Thomson Reuters rapidly wiring up rural India with mobile content

Thomson Reuters rapidly wiring up rural India with mobile content

Author | Rohan Dua | Monday, Jul 06,2009 8:53 AM

Thomson Reuters rapidly wiring up rural India with mobile content

Empowering rural India, Thomson Reuters has been updating over one lakh farmers in the country with the latest market trends, weather forecast, and crop information via its SMS-based service. The agency shared its success story at a seminar on Rural Telecom, organised by the Rural Marketing Association of India in the Capital on July 3, 2009.

Speaking at the seminar, Amit Mehra, MD, Reuters Market Light, shared the progress of the mobile service called Reuters Market Light that was introduced in October 2007.

RML, as the service is now commonly known as, provides information to the rural workforce, comprising farmers, middlemen and traders, on their mobile phones in three states – Maharashtra, Punjab and Haryana.

With an objective to empower farmers and help them enhance crop yields, the service is available in four content sets – market prices, agricultural advisory news, crop information, and weather forecast. Multiple SMSes carrying latest information and advisory updates are sent out to subscribers to this service. The subscription can be bought for a period of three, six or 12 months at a price of Rs 60 per month. The content is available in local languages such as Marathi and Punjabi.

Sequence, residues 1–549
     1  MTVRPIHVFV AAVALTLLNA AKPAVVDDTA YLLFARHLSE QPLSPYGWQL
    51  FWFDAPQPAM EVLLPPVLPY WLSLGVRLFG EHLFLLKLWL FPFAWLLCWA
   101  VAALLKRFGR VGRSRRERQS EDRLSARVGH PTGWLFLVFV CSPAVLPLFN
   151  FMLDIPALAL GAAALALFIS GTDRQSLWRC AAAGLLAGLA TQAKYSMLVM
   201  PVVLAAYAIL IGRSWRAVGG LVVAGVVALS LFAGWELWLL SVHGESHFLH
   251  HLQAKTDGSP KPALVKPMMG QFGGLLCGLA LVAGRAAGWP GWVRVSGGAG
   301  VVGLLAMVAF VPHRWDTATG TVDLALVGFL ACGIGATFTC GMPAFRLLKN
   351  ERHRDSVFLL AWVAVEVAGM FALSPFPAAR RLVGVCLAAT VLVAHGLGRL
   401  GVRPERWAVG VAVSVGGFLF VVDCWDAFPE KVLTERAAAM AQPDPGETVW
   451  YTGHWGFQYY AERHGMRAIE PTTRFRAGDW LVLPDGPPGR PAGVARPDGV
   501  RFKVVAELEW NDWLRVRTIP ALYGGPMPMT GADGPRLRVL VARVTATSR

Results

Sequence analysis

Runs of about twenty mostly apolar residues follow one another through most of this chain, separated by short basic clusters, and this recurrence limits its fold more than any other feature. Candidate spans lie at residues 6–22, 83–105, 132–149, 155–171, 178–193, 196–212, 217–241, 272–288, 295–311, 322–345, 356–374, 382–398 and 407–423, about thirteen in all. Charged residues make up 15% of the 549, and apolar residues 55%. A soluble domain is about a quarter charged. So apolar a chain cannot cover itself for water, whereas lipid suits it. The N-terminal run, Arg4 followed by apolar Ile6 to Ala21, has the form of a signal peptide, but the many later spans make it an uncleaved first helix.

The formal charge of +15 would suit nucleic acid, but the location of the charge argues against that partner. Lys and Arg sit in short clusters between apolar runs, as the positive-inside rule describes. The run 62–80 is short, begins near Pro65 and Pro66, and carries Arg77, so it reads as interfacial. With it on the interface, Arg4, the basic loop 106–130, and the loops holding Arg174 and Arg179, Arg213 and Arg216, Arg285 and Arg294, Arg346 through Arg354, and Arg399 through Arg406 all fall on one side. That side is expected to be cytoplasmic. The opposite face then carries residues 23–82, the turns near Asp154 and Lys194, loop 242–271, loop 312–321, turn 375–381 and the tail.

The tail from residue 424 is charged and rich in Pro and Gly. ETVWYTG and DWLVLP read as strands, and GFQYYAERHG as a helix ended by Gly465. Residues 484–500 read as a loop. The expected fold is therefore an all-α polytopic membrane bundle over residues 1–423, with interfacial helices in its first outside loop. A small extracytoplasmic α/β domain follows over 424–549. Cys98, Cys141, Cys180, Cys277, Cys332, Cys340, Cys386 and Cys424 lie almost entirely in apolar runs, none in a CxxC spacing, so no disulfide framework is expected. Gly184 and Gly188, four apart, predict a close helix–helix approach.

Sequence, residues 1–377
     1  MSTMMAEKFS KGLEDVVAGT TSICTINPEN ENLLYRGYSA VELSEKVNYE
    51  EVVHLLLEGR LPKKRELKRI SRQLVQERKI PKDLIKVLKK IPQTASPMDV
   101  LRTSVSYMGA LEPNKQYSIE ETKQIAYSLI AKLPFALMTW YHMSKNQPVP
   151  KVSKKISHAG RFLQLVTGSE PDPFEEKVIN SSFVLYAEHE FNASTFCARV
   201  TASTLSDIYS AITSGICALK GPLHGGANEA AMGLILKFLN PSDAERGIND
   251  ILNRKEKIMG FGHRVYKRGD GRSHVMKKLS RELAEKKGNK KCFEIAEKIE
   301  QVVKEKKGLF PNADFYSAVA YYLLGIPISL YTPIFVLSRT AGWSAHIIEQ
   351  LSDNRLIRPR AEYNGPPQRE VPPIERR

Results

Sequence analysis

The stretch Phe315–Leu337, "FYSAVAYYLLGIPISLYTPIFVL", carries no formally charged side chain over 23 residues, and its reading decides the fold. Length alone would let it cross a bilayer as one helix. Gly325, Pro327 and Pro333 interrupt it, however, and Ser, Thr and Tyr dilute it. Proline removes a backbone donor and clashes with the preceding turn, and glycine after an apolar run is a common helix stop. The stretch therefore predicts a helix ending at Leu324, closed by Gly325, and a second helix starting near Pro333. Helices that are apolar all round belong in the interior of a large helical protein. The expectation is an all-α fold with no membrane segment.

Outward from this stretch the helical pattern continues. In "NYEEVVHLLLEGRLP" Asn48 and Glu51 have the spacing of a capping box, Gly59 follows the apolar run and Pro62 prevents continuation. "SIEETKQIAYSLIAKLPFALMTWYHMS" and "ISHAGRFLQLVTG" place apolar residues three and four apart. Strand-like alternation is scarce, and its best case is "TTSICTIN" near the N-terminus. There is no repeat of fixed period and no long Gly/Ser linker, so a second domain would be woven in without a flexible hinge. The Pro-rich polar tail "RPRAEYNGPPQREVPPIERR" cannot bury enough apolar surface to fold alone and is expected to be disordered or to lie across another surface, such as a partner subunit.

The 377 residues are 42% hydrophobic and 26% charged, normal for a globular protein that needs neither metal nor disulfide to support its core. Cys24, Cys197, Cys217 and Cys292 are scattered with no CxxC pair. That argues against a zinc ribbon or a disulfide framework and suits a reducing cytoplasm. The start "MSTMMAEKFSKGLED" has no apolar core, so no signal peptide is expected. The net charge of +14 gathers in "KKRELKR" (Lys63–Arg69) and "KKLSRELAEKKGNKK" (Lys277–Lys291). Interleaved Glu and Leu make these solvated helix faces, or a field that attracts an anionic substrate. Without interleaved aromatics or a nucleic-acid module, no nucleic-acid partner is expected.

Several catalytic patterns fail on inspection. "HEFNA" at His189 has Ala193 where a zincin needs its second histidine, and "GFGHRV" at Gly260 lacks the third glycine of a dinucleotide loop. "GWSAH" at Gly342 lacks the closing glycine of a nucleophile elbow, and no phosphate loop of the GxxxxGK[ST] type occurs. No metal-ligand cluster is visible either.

Speaking on the initiative, Mehra said, “The rural community in India is witnessing a rapid rise of mobile penetration, which is accessible and affordable. And such professional services driven by top class editorial content are being rapidly embraced by the rural consumer.”

According to Mehra, at present there were over one lakh farmers across the three states reaping twin benefits of high crop yield and money. On average, each farmer was using the subscription for at least six months, he further claimed. Thomson Reuters now plans to extend this mobile service to nine more states.

Meanwhile, commenting on the rural mobile scenario, Raj Kumar Jha, National Creative Director, Ogilvy Action, had a different opinion. He said, “The rural consumer is a very valued-based customer. He is looking for money and value and needs to be emotionally connected with the brand. Everybody is singing the success story about their connectivity and things like that. But we still do not know what a girl in a distant village in Lucknow is doing with her cell phone, whether she is accessing it for music, jokes or general news. Are things like market rates really important to farmers, who had been managing their business without these services all these years. There is a need to explore more about such customers.”

The presentation on RML was part of the afternoon session at the seminar on Rural Telecom. The afternoon session also had another presentation by Suneel Bandhu, Head of Rural Business at Tata Teleservices on penetration of mobile-based content in rural areas.

The concluding segment of the seminar comprised a panel discussion involving three panelists – Vivek Bali, Group President - Global Marketing & Branding, Spice Group; RN Padukone, Principal General Manager - Corporate Planning and Monitoring, BSNL; and Mahesh Uppal, Director, Telecommunications and Computer Information Systems. The session was moderated by Pradeep Kashyap, VP, Rural Marketing Association of India.

The Rural Telecom seminar was organised by the Rural Marketing Association of India. Ericsson was the main sponsor of the event, while media partners were Business Line,, Pitch and impact.

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